Horse Race Betting Markets To Explore In 2023

Tue, Jan 17, 2023
by CapperTek

Author: Lindsay Griffin

Horse racing is a sport built not only on earning money through sponsorships and race earnings but through the wagers made by the spectators of the sport.

For many decades, this is what made horse racing unique in sports. For most athletic competitions and national pastimes, betting was illegal.

People could, and did, of course, make casual bets with friends on their favorite teams, but this was a far cry from the booming business that legal betting could generate at the racetrack.

So, we can be thankful that times are different now. Though gambling on human athletes is also now legal in 30 states as well as Washington, D.C., the racing industry is facing competition it has never seen before.

How can horse racing keep itself financially afloat now that its most appealing factor to most spectators is no longer unique? Here are some ideas to explore that can even make betting on horse racing for dummies appealing.

Off-Track Betting

Betting does not necessarily have to take place at the track itself. With the advent of the internet, many bettors are able to place wagers around the world from any location that provides cell phone service. Betting online is fast, easy, and increasingly secure.

The promotion of off-track betting, particularly through websites and apps, also has the potential to draw foreign interest (and therefore foreign money) as well. Drawing interest in horse racing around the world has the potential to keep racing relevant on the international stage.

Casual Bettors

One advantage that horse racing has over other sports as far as gambling goes is that horse races are, naturally, pretty quick competitions. This means that you can get a winning return on your bet in a matter of a few minutes, and also that the entirety of the competition can be streamed online through the betting program with relatively little interruption.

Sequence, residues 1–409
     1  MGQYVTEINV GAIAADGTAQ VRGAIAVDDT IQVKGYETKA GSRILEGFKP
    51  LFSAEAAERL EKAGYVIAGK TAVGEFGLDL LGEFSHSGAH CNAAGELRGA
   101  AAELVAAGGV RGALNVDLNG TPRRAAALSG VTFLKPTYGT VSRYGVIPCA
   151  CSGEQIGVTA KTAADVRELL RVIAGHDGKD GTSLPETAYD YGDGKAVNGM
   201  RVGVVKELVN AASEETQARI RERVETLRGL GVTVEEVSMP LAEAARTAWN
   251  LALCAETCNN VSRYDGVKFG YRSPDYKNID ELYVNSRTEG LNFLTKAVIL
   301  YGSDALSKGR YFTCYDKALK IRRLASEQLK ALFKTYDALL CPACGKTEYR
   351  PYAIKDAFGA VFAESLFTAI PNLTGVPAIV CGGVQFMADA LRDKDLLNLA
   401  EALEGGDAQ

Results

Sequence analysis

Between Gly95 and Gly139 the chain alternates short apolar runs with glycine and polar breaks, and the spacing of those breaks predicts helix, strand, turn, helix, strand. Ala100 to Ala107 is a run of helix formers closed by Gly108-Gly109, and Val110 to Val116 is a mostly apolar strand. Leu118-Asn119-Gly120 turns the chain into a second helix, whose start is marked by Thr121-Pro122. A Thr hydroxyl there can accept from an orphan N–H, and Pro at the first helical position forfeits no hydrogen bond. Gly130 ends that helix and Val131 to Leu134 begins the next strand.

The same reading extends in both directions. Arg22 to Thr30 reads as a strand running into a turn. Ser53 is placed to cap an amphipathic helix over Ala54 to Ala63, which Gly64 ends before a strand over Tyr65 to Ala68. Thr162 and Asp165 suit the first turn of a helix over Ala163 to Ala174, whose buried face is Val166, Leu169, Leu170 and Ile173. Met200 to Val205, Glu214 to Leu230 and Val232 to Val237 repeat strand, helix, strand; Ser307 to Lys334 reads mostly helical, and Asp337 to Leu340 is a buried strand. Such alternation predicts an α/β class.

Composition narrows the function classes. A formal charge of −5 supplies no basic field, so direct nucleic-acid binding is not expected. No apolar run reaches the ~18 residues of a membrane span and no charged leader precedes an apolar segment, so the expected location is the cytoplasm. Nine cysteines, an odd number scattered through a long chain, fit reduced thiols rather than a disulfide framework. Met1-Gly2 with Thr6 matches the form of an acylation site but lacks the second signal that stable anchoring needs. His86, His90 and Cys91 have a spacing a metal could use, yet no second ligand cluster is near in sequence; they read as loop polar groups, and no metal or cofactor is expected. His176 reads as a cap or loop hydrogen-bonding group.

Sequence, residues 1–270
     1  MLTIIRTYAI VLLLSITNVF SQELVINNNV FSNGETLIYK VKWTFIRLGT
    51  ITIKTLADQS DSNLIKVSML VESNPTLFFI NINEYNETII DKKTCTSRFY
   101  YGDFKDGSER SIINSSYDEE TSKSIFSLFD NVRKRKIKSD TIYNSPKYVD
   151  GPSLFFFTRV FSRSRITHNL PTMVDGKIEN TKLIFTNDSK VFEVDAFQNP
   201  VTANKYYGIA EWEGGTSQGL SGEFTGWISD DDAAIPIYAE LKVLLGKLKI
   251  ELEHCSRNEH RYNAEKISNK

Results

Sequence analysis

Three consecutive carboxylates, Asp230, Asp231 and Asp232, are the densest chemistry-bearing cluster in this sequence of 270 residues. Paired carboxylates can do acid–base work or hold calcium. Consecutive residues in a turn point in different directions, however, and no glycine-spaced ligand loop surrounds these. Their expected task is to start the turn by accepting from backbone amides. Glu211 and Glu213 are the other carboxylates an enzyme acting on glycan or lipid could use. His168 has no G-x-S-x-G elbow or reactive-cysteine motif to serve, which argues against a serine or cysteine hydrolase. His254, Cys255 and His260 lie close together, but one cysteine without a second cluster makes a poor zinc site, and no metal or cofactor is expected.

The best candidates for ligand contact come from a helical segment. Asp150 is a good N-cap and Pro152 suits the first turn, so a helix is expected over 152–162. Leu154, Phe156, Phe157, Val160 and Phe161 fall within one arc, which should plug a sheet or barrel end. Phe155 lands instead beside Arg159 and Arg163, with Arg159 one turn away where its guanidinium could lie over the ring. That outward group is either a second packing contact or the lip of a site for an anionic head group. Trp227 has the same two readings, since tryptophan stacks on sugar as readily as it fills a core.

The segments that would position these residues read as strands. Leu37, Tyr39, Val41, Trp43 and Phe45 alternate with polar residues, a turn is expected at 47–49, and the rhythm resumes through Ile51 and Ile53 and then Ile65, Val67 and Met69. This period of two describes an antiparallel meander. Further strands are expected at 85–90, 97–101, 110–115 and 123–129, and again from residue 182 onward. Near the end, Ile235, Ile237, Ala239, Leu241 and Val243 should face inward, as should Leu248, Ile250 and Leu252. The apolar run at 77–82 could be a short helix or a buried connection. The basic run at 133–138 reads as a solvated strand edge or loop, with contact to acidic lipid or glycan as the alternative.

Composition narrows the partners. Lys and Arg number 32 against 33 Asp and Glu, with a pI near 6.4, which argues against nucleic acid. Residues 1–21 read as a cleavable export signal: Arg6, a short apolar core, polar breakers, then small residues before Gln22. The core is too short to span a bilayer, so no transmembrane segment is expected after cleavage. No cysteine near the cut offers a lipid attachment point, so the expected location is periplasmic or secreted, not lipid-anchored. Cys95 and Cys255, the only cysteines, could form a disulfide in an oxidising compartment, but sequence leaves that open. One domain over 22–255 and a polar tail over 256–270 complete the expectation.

Also, while the terminology for exotic wagers can be fairly daunting, the concept of the race itself is relatively easy to follow: you choose a horse, the horses run, and if yours crosses the finish line first, you get money. It’s a pretty straightforward process.

This speed and simplicity can definitely appeal to the casual fan, who may not have the attention span to watch and learn the rules for a multiple-hour competition. If someone wants to bet quickly and casually, racing is the sport to look at. Perhaps, in addition to promoting spending “a day at the races,” betting on horse racing could be marketed as a way to quickly make a few bucks in between the hum-drum events of everyday life.

Young Fans

Undoubtedly, the key to keeping any sport relevant is to continually bring in more fans, and in particular, those who have the potential to spend money on the sport over a long period of time.

In short, we need to interest young people in horse racing.

Implementing participation via technology, such as with the aforementioned betting apps, is a good beginning step. Today’s young adults have grown up with technology and are comfortable using it even when money is involved.

Another positive step forward is the introduction of owning micro shares in horses, through programs such as MyRacehorse. Large groups of people are able to purchase fractions of a percent of a horse for a relatively small amount of money.

They are able to gain exclusive access to information on their horses and also have the potential to earn profit from their initial investment. This encourages these people to watch or even attend their horse races. Of course, many microshare owners enjoy supporting their horses by wagering on them at the track and driving up handles as well.